Latest Code Vulnerability Could Leave You Shellshocked

Latest Code Vulnerability Could Leave You Shellshocked

A security vulnerability recently came to light that could wreak havoc on Unix, Linux and Mac OS X computers around the Internet. A critical vulnerability in the Bourne Again Shell, commonly known as Bash, was reported and the National Vulnerability Database rates it a 10/10 for severity.

Experts warn that the so-called Shellshock vulnerability exploits a 25-year old security flaw in Bash and could affect corporate servers, switches, personal computers and embedded systems connected to the Internet.

The flaw allows malicious code to be inserted into the Bash shell to remotely run arbitrary code, escalate priviledges and access confidential information. It’s likely that malicious botnets will attempt to exploit the Bash vulnerability. When they begin to propagate they could cause major damage to Internet systems that have not received sufficient patches.

System administrators need to mitigate the risk. I’ve reproduced the problem and created a “checker” utility and shared it on an AWS  EC2 image: http://shellshocker-check.masergy.com

This script will attempt to exploit the problem and print the results.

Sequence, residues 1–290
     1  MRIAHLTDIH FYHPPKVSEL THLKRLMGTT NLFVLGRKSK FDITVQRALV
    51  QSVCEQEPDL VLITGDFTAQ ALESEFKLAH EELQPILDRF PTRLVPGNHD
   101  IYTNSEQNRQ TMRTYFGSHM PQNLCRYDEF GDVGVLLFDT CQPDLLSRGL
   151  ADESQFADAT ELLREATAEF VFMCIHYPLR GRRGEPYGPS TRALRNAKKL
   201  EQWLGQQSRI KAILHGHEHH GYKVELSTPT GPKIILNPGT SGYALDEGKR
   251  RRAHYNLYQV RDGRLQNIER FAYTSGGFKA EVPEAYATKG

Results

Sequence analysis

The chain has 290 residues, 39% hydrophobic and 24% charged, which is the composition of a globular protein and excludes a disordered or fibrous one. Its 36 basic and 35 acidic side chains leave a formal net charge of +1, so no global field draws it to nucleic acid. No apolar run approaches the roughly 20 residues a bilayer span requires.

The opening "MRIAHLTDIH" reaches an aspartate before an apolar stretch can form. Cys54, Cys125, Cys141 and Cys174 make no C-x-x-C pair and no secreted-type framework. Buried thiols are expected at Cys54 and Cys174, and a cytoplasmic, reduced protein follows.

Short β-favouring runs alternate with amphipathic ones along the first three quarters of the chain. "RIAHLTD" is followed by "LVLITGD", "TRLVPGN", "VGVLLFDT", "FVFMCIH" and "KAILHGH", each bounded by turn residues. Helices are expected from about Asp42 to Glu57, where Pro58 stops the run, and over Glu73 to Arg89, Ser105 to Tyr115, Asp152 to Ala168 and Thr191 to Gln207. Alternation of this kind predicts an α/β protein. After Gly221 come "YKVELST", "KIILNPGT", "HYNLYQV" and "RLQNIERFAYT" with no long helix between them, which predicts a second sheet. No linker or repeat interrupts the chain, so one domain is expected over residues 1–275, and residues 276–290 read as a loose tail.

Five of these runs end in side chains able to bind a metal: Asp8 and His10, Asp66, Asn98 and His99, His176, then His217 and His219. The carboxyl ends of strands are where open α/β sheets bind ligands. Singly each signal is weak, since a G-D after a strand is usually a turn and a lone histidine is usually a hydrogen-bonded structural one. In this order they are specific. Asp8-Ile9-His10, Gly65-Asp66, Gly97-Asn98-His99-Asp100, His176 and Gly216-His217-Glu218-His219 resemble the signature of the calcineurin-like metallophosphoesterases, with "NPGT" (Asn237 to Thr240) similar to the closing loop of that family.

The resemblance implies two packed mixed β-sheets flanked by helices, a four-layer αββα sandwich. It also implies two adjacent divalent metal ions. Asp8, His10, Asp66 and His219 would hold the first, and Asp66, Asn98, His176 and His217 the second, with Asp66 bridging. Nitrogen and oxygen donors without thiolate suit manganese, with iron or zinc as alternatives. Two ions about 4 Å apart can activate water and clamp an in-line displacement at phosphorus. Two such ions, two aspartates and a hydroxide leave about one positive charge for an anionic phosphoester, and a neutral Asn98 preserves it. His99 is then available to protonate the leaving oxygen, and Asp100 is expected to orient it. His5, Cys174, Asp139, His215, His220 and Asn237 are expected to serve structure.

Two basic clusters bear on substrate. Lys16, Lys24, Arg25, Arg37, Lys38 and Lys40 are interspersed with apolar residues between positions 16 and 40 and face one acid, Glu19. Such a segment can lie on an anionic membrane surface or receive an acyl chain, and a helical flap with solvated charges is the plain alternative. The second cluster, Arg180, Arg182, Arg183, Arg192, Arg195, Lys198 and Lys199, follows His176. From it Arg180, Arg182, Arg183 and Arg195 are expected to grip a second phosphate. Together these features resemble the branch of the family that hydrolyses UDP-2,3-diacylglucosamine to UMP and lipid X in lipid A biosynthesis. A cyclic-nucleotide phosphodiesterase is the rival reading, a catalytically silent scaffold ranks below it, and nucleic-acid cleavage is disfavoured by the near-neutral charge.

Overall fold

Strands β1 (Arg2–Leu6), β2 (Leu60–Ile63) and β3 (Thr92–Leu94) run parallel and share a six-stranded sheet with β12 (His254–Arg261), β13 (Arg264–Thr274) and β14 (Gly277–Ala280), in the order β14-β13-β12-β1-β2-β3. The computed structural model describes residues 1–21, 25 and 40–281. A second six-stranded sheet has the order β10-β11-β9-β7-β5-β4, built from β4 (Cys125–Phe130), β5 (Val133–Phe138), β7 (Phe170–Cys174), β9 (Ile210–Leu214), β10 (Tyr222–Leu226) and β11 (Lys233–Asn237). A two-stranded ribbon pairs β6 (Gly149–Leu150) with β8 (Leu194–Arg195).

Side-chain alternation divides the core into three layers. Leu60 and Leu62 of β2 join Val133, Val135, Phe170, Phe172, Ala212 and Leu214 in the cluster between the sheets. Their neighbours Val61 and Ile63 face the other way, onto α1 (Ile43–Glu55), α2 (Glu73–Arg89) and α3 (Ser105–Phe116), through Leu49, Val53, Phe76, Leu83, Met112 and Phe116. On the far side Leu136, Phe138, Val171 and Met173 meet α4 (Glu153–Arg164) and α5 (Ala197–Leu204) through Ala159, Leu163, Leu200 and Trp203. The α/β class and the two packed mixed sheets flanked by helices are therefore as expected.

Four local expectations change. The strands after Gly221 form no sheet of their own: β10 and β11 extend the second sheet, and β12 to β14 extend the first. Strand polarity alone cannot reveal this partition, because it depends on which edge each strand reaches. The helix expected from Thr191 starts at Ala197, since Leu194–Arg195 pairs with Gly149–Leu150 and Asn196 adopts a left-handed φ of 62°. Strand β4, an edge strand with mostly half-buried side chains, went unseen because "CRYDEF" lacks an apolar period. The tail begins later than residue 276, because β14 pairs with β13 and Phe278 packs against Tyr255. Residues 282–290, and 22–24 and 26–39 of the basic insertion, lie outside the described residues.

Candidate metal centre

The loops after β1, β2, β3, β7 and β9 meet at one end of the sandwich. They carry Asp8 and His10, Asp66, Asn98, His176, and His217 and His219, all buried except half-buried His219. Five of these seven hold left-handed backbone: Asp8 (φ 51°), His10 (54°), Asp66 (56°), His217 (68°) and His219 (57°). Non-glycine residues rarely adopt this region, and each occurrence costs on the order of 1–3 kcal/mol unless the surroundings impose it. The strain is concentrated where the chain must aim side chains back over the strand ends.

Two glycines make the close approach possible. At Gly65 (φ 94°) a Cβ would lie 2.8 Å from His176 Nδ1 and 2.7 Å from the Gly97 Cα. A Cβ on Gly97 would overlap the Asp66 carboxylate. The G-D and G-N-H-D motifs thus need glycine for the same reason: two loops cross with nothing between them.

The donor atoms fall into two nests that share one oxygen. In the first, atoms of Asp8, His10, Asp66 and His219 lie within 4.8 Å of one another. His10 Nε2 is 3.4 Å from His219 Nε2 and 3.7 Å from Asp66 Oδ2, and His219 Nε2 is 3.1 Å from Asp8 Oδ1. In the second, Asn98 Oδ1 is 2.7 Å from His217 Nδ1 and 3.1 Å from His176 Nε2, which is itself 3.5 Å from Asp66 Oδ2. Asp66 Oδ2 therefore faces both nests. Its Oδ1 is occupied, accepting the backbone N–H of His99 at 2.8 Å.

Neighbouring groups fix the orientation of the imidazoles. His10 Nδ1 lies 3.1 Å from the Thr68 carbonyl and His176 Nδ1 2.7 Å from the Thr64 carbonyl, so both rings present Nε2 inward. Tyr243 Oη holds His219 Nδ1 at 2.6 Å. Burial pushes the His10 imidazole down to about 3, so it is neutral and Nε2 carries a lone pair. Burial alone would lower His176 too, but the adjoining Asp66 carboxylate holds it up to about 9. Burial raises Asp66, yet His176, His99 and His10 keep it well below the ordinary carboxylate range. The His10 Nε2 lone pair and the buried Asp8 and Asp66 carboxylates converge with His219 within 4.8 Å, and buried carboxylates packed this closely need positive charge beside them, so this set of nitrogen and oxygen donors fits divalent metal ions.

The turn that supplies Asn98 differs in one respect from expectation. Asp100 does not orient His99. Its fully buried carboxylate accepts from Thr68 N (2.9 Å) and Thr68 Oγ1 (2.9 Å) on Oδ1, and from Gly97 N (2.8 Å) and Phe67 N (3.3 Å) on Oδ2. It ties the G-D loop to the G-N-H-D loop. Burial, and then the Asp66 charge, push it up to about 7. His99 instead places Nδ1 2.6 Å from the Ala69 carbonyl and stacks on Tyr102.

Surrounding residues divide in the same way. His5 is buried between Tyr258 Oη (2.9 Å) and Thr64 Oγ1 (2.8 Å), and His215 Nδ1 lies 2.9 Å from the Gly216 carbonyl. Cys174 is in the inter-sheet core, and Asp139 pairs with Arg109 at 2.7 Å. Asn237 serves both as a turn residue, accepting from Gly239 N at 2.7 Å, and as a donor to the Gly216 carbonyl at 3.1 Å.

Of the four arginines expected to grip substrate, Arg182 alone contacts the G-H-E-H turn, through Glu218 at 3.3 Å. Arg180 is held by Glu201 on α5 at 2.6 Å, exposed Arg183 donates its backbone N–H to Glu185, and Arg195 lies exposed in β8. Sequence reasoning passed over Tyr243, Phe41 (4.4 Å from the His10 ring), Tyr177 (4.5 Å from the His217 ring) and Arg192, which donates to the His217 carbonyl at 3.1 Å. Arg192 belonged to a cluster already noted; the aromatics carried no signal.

Any machine with Internet access and curl or wget can self-test using the following commands:
  • curl -s
  • http://shellshocker-check.masergy.com/shellshock_test.sh
  • | sh
  • wget -q -O –
  • http://shellshocker-check.masergy.com/shellshock_test.sh
  • | sh

Servers that utilize the Common Gateway Interface (CGI) such as those running PHP scripts, or devices that inadvertently permit system calls are the most vulnerable.

I suggest updating Bash to a patched instance and additionally make sure that processes using Bash do not have superfluous access to your system.

There are patches available for many of the major Unix/Linux distributions:
  • Red Hat Enterprise Linux (versions 4 through 7) and the Fedora distribution
  • CentOS (versions 5 through 7)
  • Ubuntu 10.04 LTS, 12.04 LTS, and 14.04 LTS
  • Debian
  • Solaris

To avoid further vulnerabilities, basic system updates and vulnerability/accessibility scans should become standard operating procedure for all networked systems.

About Paul Ruelas

Director, Product Management, Masergy
Paul Ruelas is Director of Network Products at Masergy. He brings over 26 years of expertise in telecommunications, IP Networks, complex solution design, and product development. Paul has developed many Ethernet and optical products that enabled numerous global enterprises to transform their data communication infrastructures to improve business outcomes. Paul is an industry thought leader in communication transformation and on topics such as hybrid networking, SDN, NFV, and cloud connectivity.